ISAS vs Pensions

POSTED ON Wednesday, 18 November, 2020

When saving for the golden years of your life is wise for anyone who wants to make sure that their retirement will be comfortable and financial stable. s are a great way to ensure that you have some money squirreled away to fund your retirement. Another great way to put your pennies in the retirement jar is to have a pension. How do the two measure up?

What is an ISA?

An ISA is an account that allows you to save or invest your pennies in a tax-free wrapper, so that the returns you make on these kinds of accounts are not charged income tax or capital gains tax.

There are a variety of different kinds of ISA, but when it comes to saving long-term for your retirement, the best options available to you are Investment ISAs and Lifetime ISAs.

So, what are these?

An Investment ISA is… also known as a stocks and shares ISA, which allows you to invest money up to a certain amount without paying tax. You can choose to invest your money in various different funds depending on the platform you have chosen. With excellent tax benefits, this is a very popular form of long-term saving. Read more about Investment ISAs here.

A Lifetime ISA is…a specific kind of ISA that focuses on long-term saving. There is a limit imposed on how much you can put in a LISA each year (£4000 this tax year), and when this money is put into the account, the government will put a 25% bonus into the account. So, if you put the total limit into the account each year, you could stand to get £1000 back, which is not to be sniffed at. You can only access the money when you turn 55 (e.g. starting to think about retirement) or when you’re buying your first home. 

What is a Pension?

A Pension is…a pot of money which you contribute to long-term, throughout your working life, which can then be used at the point of retirement. A pension is designed to have very good tax benefits. 

Many people have a pension through their employment, however you are able to set up a self-invested personal pension. 

These can also be known as SIPPs – so if you see this term, you’ll know what it’s about. 

How do they compare? 

First, we’ll look at the benefits of ISA accounts: 

  1. LISAs have a pretty unbeatable return rate which make them a very attractive option. You will struggle to find a 25% return rate anywhere else.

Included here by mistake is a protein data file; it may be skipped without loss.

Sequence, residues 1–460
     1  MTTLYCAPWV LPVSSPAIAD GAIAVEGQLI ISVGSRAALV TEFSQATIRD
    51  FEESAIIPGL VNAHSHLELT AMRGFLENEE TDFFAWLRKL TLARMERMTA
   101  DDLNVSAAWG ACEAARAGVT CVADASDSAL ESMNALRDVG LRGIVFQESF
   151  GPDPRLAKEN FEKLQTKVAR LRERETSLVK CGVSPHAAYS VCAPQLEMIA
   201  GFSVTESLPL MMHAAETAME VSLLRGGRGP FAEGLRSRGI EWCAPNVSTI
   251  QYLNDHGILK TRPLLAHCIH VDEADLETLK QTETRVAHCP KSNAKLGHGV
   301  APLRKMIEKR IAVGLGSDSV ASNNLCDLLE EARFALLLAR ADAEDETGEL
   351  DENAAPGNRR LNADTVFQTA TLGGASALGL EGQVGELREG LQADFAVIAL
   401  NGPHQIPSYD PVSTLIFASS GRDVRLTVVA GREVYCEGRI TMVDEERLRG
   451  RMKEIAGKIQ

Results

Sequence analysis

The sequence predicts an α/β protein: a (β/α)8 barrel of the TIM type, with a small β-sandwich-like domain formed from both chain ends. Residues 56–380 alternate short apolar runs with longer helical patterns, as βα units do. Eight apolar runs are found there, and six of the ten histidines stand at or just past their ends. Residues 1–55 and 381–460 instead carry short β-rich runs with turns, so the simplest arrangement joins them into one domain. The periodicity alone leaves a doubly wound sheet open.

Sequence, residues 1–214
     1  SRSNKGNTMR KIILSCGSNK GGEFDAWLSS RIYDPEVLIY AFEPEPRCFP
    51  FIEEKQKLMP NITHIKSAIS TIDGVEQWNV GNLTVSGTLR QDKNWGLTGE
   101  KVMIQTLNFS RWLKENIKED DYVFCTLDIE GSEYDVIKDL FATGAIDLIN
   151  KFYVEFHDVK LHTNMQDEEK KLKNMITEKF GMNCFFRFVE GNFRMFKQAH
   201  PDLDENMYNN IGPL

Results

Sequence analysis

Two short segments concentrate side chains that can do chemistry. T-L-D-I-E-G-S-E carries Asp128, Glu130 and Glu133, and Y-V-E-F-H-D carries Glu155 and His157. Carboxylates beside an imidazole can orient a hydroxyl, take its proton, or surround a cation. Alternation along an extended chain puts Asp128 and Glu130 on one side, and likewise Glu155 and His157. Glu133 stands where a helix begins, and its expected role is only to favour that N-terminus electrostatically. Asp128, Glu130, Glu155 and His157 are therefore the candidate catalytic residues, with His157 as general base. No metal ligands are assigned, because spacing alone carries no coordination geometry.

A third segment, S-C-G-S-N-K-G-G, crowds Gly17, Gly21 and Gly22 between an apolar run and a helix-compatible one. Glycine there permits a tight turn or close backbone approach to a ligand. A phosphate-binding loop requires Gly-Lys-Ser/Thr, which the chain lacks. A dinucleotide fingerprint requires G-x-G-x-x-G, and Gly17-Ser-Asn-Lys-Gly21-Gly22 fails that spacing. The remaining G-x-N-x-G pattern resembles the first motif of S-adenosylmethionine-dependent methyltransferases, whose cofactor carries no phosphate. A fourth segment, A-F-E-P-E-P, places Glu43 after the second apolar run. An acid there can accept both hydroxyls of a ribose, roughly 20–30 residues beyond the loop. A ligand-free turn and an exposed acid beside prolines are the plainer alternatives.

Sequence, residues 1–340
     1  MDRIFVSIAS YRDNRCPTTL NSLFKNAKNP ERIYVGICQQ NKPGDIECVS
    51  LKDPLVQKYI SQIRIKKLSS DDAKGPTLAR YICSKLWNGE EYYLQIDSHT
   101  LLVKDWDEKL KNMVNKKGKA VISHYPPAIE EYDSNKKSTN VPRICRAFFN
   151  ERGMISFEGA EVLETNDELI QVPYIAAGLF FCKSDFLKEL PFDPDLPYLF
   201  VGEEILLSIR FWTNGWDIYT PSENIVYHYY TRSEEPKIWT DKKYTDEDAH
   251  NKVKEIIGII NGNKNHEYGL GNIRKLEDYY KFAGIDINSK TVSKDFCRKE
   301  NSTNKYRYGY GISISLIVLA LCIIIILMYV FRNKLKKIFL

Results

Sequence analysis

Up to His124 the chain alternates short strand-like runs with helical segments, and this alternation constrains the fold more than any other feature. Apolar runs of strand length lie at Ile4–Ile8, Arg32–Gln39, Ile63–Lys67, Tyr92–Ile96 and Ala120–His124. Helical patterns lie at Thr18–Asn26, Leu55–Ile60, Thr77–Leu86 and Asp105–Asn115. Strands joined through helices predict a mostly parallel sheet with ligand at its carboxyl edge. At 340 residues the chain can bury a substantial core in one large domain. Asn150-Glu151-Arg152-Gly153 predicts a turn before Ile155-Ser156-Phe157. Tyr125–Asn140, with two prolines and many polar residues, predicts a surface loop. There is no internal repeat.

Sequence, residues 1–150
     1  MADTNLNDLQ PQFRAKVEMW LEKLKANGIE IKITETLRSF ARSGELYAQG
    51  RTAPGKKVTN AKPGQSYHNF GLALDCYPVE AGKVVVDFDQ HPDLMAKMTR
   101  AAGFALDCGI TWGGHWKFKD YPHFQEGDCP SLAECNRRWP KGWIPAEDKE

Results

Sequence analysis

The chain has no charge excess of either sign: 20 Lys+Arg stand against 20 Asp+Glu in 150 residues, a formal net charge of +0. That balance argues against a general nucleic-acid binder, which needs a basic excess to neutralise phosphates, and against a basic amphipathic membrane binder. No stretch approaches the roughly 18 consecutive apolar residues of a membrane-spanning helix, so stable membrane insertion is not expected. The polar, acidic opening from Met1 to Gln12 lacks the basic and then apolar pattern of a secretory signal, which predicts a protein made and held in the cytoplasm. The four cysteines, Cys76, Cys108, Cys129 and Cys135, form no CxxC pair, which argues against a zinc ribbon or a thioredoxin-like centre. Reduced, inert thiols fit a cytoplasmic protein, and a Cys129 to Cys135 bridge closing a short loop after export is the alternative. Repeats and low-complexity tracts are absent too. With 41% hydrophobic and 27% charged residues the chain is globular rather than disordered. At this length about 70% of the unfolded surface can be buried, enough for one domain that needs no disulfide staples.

2. While investment ISAs may not offer the same high return, the benefit of opening an investment ISA rather than just a standard savings account is that the returns you make on your investments will be kept in a tax-free wrapper, meaning that you will be able to keep the returns safe from the tax man.
  3. Unlike a pension or a LISA, an Investment ISA has a bit more flexibility. You cannot access your pension before you are 55, however you can access some Investment ISAs before then. In general terms, it’s good practice to ensure you have an Investment ISA bond for at least five years to allow for fluctuations in the market.
  4. You can also transfer your fund from an Investment ISA to another kind of ISA account if your needs change – or if you decide that you might need to be able to have access to your funds

And the benefits of Pensions include: 

  1. With many jobs, your employer will automatically enroll you into a pension scheme.
  2. Your employer will also contribute money to your pension pot, so your savings will be padded by this contribution also.
  3. With a standard pension, you won’t have the ability to choose your own investments, however with a SIPP (like a Stocks and Shares ISA) you have more freedom of choice regarding where your money is invested.
  4. If you are a higher-rate tax payer, then you will make more money from a pension than if you are a basic rate tax payer.

Do I have to Choose?

No – you are entitled to have both a pension, a LISA and multiple Investment ISAs. 

You can only open one new Investment ISA each year, and you can only pay into one Investment ISA each year. 

So, if you spread your money across these methods of saving, you can develop a strong financial basis for retirement. 

Read more about Investment ISAs here.

Read more about Lifetime ISAs here.